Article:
The River’s Tale (Prehistoric)   Leave a comment

TWENTY bridges from Tower to Kew –

Wanted to know what the River knew,

Twenty Bridges or twenty-two,

For they were young, and the Thames was old

And this is the tale that River told:-

“I walk my beat before London Town,

Five hours up and seven down.

Up I go till I end my run

At Tide-end-town, which is Teddington.

Down I come with the mud in my hands

And plaster it over the Maplin Sands.

But I’d have you know that these waters of mine

Were once a branch of the River Rhine,

When hundreds of miles to the East I went

And England was joined to the Continent.

“I remember the bat-winged lizard-birds,

The Age of Ice and the mammoth herds,

And the giant tigers that stalked them down

Through Regent’s Park into Camden Town.

And I remember like yesterday

The earliest Cockney who came my way,

When he pushed through the forest that lined the Strand,

With paint on his face and a club in his hand.

He was death to feather and fin and fur.

He trapped my beavers at Westminster.

He netted my salmon, he hunted my deer,

He killed my heron off Lambeth Pier.

He fought his neighbour with axes and swords,

Flint or bronze, at my upper fords,

While down at Greenwich, for slaves and tin,

The tall Phoenician ships stole in,

And North Sea war-boats, painted and gay,

Flashed like dragon-flies, Erith way;

And Norseman and Negro and Gaul and Greek

Drank with the Britons in Barking Creek,

And life was gay, and the world was new,

And I was a mile across at Kew!

But the Roman came with a heavy hand,

And bridged and roaded and ruled the land,

And the Roman left and the Danes blew in –

And that’s where your history-books begin!”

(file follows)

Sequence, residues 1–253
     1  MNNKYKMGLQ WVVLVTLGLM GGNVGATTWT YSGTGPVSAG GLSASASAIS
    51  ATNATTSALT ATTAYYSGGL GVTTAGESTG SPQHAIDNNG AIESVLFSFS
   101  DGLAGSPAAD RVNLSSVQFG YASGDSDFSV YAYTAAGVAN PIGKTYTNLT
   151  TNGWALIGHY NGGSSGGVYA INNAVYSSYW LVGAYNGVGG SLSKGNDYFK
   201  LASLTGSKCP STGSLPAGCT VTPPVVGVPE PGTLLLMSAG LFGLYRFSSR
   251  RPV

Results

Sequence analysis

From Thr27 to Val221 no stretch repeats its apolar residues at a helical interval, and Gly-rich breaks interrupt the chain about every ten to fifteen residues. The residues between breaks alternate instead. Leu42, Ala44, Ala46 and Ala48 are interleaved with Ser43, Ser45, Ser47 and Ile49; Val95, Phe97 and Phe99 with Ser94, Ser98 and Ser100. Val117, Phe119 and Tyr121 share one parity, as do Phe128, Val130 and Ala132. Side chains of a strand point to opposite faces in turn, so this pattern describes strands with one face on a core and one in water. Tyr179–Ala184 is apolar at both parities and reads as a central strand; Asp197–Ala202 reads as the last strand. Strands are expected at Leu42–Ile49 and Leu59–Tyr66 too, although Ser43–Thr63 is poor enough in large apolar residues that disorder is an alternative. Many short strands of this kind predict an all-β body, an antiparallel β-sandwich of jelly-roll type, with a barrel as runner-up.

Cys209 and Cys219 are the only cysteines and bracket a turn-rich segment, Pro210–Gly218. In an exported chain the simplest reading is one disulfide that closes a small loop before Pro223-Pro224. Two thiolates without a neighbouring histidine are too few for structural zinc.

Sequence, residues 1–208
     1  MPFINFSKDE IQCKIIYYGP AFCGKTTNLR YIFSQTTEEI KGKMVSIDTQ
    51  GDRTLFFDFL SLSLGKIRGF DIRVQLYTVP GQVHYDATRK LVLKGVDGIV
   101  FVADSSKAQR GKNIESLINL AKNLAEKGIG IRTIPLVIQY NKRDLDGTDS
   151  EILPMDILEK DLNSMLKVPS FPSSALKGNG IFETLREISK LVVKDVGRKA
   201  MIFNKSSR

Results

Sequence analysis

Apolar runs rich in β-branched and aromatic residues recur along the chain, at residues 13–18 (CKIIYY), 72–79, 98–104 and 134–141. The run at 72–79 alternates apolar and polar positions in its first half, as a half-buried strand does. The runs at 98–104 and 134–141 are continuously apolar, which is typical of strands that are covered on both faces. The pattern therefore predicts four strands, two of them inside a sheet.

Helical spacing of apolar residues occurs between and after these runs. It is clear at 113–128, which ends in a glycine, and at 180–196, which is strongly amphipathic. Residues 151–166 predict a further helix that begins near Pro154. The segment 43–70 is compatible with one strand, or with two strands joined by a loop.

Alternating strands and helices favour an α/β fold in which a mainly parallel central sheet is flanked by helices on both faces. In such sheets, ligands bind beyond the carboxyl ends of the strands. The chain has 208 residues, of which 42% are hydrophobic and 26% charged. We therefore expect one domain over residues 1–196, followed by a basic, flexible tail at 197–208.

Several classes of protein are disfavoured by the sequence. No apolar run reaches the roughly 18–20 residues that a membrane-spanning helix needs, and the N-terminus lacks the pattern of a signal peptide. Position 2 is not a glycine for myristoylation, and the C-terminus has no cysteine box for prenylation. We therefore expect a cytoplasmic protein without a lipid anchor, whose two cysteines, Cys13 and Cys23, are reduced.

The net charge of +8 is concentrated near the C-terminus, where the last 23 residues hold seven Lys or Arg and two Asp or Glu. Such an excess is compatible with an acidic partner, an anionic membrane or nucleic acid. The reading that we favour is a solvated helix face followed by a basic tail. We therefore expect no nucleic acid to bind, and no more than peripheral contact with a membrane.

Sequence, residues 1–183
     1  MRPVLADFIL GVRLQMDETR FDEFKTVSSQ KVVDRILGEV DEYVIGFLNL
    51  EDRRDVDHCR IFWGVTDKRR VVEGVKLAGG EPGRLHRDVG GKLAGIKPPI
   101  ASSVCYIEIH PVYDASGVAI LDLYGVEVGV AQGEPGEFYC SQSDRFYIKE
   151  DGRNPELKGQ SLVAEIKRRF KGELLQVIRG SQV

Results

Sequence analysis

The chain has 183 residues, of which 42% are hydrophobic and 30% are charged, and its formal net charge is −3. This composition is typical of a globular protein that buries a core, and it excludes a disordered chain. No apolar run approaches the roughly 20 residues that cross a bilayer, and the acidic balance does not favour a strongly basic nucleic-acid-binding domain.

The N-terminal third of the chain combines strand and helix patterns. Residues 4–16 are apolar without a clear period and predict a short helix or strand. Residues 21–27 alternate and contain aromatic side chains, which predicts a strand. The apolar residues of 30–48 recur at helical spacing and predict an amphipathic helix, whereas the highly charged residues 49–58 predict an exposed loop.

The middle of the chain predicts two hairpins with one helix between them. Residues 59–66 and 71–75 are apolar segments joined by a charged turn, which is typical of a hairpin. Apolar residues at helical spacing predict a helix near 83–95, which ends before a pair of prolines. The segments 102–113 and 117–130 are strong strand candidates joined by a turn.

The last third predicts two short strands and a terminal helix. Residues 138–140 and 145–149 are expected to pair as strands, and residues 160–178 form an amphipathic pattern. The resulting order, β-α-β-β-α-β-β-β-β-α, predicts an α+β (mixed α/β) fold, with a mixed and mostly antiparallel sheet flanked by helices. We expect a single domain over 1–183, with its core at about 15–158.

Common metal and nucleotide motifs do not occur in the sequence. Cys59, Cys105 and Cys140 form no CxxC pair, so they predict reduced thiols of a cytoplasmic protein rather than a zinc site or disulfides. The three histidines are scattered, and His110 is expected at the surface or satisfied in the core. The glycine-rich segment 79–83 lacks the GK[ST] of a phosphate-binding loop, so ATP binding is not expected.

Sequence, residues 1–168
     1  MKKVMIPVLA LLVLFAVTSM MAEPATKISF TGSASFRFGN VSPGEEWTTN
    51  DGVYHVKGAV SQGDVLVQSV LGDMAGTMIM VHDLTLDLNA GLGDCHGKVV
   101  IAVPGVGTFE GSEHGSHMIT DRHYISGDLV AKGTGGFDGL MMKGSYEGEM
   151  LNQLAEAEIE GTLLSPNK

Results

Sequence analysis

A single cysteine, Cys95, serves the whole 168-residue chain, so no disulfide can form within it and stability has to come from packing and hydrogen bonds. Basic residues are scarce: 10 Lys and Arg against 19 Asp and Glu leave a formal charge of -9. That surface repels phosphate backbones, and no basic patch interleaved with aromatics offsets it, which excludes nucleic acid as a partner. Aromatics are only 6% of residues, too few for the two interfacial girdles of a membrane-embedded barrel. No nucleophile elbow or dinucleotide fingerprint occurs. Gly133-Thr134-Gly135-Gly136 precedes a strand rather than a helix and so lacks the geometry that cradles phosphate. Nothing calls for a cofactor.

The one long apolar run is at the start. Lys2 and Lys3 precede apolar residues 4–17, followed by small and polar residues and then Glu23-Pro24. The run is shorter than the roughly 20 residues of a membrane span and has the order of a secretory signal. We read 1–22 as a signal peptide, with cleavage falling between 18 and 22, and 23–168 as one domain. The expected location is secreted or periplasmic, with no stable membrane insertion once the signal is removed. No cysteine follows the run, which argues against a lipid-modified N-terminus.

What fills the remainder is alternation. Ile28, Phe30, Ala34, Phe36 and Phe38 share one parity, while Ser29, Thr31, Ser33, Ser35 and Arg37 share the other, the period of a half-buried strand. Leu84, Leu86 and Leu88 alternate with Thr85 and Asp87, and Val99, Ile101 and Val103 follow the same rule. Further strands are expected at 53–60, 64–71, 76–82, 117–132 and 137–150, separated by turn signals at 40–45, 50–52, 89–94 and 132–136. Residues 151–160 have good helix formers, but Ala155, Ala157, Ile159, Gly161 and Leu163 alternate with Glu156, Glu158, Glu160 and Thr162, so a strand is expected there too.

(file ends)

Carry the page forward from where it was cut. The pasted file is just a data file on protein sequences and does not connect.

““The River’s Tale” was written by Kipling to serve as the introduction to a history of England for schoolchildren written by C.R.L.Fletcher. In all, Kipling contributed twenty- two original poems, or twenty-three if the two “American Rebellion” poems are counted separately, as they sometimes are. The book was published in July 1911 in two different formats. One, was large, lavishly laid out, and at 7/6d (37 1/2p in today’s currency) expensive. It was called A History of England. The other was small, relatively cheap at 1/8d (8 pence in today’s currency), functional in appearance, and given the significantly different title of A School History of England.” Here is the original text at the Kipling Society.

Perhaps Joyce came across this poem? Already in January 1907, Joyce contrasted himself with Kipling:

“…Plain Tales from the Hills stirred [Joyce’s] admiration for at least its factual accuracy: ‘If I knew Ireland as well as R.K. seems to know India,’ he wrote Stanislaus…’I fancy I could write something good. But it is becoming a mist in my brain rapidly.'” Quoted at The Modernism Lab.

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